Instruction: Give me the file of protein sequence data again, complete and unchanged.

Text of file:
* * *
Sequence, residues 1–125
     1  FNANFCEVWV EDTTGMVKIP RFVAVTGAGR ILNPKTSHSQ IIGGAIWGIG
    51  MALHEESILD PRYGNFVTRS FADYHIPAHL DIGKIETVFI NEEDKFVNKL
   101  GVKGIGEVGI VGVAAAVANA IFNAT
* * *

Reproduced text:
Sequence, residues 1–125
     1  FNANFCEVWV EDTTGMVKIP RFVAVTGAGR ILNPKTSHSQ IIGGAIWGIG
    51  MALHEESILD PRYGNFVTRS FADYHIPAHL DIGKIETVFI NEEDKFVNKL
   101  GVKGIGEVGI VGVAAAVANA IFNAT